A Travellerspoint blog

Tanzania Safari



After a very long flight, we finally arrived in Nairobi, Kenya. Our hotel was very nice, but it was locked down like a fortress. Guards with machine guns, concrete posts scattered through the street to slow down traffic, and closed circuit TV everywhere. We later found out that the street is known as “the friendliest street in Nairobi”, and that the Israeli embassy is located directly across from the hotel.

The following morning we were scheduled to take a shuttle bus from our hotel to Arusha, Tanzania. However, due to some miscommunication, the bus left without us. With the help of a taxi driver, we raced through the streets of Nairobi and caught up with the shuttle just outside of town. We then continued on to cross the border into Tanzania.

Arusha, Tanzania is a starting point for many safaris and hikes to Mt. Kilimanjaro. We met up with our guide and driver (Mussa) and he took us on a quick tour of the town, which has grown dramatically over the past few years due to the increase in tourism. In the center of town, there is a monument marking the mid-way point between Cairo and Cape Town, and the market areas are filled with people selling local produce.

We exchanged $400 into Tanzanian Shillings at an exchange rate of 1186:1. Steve came out of the bank with a huge stack of cash. He asked the teller for a few small bills, but she decided to give him the whole amount in small bills -- 474,000 in 1,000 and 5,000 Shilling notes. It felt like we just robbed the place.

The official language of Tanzania is Swahili, but usually a tribal language such as Maasai is the first language learned. English is commonly the third language taught in schools. Education is mandatory for all children up to age 13. After that, families must pay for secondary schooling.

Before leaving Arusha, we stopped to load some supplies into our Toyota Land Cruiser. These are not your typical 4 wheel drives. They are extremely tough and well equipped: two spare tires, two gas tanks, a snorkel to prevent the engine from stalling in high water, a radio to communicate with park rangers and other guides, and even power plugs to recharge your camera batteries. It also has a pop up roof that provides a 360-degree view during game drives.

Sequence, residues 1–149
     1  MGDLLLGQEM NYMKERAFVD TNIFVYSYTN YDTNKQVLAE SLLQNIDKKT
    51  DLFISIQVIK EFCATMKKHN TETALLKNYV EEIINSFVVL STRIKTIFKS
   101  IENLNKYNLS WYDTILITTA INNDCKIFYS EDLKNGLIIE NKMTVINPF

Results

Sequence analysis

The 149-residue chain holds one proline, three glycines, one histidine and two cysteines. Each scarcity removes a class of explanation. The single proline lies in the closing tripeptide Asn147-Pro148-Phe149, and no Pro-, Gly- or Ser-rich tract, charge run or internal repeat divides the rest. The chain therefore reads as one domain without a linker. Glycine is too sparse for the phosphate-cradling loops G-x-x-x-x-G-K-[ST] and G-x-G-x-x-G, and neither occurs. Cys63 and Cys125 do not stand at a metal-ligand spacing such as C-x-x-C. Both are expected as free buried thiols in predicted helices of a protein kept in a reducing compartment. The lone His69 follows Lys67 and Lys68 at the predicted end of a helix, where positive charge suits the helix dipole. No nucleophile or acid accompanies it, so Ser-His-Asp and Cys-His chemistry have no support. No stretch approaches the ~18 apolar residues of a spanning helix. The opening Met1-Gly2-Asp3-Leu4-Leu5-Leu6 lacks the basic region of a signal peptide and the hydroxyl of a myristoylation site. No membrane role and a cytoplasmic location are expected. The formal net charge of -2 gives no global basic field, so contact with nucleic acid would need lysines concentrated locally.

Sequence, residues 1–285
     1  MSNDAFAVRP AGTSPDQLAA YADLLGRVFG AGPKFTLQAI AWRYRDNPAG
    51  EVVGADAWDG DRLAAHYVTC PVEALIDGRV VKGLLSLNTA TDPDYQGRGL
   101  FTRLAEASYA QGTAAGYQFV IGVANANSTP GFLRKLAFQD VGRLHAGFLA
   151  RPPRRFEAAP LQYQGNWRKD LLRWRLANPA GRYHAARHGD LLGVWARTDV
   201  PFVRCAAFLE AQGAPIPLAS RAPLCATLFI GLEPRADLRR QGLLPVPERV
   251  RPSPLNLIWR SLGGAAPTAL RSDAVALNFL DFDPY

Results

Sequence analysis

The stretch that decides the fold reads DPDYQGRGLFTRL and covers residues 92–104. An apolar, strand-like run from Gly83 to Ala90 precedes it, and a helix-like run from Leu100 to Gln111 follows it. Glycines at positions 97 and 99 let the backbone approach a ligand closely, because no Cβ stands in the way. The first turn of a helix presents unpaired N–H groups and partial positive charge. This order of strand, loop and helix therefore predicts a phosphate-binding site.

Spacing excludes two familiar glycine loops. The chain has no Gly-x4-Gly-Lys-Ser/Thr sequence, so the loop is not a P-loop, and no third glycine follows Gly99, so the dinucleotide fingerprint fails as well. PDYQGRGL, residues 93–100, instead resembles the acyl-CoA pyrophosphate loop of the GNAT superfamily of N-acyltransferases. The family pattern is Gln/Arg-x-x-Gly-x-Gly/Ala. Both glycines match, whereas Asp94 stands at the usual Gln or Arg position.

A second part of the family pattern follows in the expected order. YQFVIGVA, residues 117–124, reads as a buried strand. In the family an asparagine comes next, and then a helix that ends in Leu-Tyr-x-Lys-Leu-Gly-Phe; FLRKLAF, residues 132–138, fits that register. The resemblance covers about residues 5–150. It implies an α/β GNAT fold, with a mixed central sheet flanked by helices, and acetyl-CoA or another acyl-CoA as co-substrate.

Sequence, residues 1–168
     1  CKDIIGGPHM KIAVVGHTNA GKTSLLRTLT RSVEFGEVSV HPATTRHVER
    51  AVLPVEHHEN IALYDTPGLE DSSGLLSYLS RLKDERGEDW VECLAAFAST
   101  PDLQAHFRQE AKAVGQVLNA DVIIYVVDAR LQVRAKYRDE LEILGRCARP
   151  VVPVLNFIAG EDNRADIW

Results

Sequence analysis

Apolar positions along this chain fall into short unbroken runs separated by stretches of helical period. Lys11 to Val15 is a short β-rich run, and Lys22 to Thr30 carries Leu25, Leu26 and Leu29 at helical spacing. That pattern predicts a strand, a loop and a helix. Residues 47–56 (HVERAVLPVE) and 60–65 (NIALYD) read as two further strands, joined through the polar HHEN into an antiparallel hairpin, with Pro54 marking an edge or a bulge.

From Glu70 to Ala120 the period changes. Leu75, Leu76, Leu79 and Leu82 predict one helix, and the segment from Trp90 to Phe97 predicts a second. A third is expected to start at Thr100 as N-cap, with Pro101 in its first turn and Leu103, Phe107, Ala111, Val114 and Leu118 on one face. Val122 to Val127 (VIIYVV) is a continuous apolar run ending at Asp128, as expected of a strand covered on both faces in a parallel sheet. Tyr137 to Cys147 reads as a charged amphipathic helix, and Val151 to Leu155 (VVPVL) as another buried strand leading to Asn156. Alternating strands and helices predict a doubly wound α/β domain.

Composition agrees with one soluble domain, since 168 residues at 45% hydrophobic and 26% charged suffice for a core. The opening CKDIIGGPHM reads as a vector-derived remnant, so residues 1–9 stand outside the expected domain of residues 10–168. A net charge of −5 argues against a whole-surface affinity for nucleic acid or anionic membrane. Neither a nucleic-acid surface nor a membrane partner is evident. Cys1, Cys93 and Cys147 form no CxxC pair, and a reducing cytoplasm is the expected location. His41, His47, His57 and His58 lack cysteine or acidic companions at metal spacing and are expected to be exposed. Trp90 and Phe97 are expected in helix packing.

We then traveled to an area known as Monduli. One of the indigenous tribes of Tanzania, the Maasai, reside in this area. Most of the Maasai people maintain a traditional lifestyle, herding cattle and goats, and farming. They live in grass huts and dress with traditional red and purple blankets.



This particular area is high in the Monduli mountain range. Our guide taught us about the local berries, roots, and cactus. We passed through several small villages, meeting many Maasai people along the way. Children walking home from school ran to catch up with us, laughing and giggling when we spoke English to them. They were very excited to hold our hands, touching our arms and fingernails. We must have seemed like such an oddity to them.



Our first stop was Tarangire National Park. The park covers 2,850 square kilometers and is home to a variety of different animals. The roads within the park are all dirt and meander in every direction. Many times, we were the only vehicle in sight, and it felt like that we were right in the middle of the wilderness. It was really nice to have a private vehicle and guide. Immediately upon entering the park, we saw zebras, giraffes, wildebeest, and elephants. The park is also home to many different kinds of antelope: impalas, gazelles, waterbuck, steinbuck, and dik-dik. We were amazed at how many different types of animals we encountered, and how close they came to our truck.





We ended our day at Maramboi Tented Camp, which was wonderful. A herd of zebras was about 100 feet from our tent, and at night we could hear hyenas whooping and other critters moving through the camp.